Motivated behavior is primarily a function of individual characteristics; Personality, needs, and goals of the athlete/exerciser are the primary determinants of motivated behavior; Does NOT take into account environmental influences; NOT endorsed by sport and exercise specialists.
What is the Situation-centered view of motivation?
Motivation is determined by the situation; In many cases; situation is not the primary factor influencing motivational level; NOT endorsed by sport and exercise specialists.
What is the Interactional view of motivation?
Motivation results from participant factors and situational factors; ENDORSED by sport and exercise specialists.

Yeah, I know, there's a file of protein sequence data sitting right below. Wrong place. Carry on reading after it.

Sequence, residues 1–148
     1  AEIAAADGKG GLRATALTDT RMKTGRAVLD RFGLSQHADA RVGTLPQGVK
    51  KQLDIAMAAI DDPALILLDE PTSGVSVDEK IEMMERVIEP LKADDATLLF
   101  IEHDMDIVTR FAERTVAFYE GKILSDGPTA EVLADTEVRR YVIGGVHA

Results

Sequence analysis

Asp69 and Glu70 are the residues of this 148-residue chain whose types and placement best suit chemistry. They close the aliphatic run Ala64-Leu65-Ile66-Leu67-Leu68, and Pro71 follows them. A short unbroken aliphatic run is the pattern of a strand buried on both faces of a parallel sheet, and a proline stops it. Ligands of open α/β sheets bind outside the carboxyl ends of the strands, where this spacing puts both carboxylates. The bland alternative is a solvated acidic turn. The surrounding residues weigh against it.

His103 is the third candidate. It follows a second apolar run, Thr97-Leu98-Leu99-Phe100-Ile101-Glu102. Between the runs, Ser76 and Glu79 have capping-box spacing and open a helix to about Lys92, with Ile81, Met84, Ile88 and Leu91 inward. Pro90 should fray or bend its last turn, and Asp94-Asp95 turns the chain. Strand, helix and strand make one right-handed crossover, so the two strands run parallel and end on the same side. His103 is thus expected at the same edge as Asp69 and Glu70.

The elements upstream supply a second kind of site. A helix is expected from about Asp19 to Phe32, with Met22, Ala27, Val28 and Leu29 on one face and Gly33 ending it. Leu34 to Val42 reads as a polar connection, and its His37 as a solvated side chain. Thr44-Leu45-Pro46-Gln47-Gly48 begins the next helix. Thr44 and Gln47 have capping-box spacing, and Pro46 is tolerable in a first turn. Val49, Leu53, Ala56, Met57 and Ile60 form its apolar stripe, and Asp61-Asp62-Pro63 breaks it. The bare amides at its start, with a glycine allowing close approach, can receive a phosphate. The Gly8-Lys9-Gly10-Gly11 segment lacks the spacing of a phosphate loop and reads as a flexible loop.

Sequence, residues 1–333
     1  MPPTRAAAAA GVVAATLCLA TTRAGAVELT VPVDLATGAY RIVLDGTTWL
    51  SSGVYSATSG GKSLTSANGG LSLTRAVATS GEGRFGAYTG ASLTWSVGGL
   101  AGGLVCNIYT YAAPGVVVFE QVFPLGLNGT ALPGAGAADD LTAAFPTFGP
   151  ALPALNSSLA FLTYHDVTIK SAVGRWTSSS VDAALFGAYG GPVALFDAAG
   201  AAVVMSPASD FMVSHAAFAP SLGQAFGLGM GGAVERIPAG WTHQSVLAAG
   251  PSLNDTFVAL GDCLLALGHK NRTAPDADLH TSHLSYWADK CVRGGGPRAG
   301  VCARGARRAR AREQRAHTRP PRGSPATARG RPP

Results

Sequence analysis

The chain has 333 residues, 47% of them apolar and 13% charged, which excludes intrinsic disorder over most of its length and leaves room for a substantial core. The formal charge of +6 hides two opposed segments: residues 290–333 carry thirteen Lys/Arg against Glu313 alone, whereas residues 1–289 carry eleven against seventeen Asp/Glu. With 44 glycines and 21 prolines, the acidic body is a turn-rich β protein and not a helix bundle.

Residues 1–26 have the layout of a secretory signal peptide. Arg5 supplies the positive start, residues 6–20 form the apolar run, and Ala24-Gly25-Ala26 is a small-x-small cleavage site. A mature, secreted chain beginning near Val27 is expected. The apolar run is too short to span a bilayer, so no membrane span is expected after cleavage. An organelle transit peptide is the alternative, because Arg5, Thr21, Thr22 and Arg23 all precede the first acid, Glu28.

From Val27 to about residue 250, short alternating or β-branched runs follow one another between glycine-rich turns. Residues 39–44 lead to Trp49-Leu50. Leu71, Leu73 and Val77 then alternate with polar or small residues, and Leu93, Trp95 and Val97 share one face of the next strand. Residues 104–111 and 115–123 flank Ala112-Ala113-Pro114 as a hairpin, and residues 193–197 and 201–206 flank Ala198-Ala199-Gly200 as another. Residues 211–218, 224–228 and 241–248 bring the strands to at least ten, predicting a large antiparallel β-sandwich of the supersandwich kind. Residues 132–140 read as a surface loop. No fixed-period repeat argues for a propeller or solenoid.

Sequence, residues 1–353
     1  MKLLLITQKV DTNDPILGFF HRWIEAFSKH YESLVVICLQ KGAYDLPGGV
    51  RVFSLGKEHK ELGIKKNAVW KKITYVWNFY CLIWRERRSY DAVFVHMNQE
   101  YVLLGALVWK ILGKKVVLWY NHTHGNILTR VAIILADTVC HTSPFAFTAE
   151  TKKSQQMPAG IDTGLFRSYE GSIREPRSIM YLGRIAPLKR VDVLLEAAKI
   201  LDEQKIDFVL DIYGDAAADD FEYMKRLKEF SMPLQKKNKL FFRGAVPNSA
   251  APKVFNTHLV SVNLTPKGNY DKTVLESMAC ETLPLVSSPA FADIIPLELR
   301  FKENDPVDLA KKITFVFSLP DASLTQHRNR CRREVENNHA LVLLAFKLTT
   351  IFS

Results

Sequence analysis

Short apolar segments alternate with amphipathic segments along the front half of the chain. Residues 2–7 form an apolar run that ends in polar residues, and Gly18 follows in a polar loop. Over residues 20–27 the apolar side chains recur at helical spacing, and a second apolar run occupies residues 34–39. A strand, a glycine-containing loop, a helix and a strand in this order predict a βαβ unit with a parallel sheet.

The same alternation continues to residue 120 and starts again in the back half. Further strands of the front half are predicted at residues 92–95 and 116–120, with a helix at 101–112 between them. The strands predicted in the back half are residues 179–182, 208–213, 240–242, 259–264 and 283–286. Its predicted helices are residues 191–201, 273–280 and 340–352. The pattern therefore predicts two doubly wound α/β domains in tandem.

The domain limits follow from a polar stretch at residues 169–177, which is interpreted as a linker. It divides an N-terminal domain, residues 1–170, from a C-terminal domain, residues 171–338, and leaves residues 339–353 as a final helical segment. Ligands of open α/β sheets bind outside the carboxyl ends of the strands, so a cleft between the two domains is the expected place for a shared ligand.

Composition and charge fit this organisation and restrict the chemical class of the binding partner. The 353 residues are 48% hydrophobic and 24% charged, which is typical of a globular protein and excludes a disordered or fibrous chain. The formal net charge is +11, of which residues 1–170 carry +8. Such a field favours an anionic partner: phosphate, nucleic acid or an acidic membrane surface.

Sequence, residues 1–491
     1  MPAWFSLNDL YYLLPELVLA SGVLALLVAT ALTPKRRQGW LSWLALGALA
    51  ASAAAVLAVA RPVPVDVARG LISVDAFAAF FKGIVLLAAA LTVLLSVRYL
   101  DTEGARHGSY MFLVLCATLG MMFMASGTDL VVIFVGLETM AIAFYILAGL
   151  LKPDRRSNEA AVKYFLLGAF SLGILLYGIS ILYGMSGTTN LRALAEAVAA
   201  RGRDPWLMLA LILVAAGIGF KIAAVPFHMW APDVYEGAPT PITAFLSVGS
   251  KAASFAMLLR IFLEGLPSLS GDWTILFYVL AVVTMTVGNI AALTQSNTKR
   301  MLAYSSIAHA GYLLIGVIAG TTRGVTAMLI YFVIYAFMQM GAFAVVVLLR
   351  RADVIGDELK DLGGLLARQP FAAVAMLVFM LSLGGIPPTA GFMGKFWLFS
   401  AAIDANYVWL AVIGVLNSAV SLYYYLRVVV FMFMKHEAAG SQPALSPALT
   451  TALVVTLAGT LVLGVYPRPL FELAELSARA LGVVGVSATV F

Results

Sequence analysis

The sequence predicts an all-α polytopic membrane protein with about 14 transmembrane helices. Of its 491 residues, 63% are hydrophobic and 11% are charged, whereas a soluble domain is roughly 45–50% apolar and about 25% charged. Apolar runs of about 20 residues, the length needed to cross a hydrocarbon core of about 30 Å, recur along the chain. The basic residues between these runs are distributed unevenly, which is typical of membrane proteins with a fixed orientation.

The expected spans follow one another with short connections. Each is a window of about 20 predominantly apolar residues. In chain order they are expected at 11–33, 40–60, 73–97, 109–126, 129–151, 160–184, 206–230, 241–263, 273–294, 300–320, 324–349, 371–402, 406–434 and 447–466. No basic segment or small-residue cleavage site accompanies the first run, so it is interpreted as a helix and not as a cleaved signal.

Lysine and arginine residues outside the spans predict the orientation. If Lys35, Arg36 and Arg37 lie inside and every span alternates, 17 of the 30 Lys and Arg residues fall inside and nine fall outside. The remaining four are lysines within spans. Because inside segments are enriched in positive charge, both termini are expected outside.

Explain the Canadian Swimmer Study (Sorrentino and Sheppard, 1978).
44 male, 33 female swimmers; Affiliation motivation (degree to which you see group involvement as an opportunity for social approval vs. social rejection); Objective: Are swimmers more oriented toward social approval or toward rejection; Results: Approval oriented swimmers swam faster; implications: Your fastest swimmers may not be your fastest relay team.
What is guideline one for Building Motivation Using the Interactional Model?
Both situations and traits motivate people: Low motivation usually results from a combination of the two; Often leaders attribute lack of motivation from personal characteristics or put blame on the situation (i.e., sport psych is boring).
What is Guideline 2 for Building Motivation Using the Interactional Model?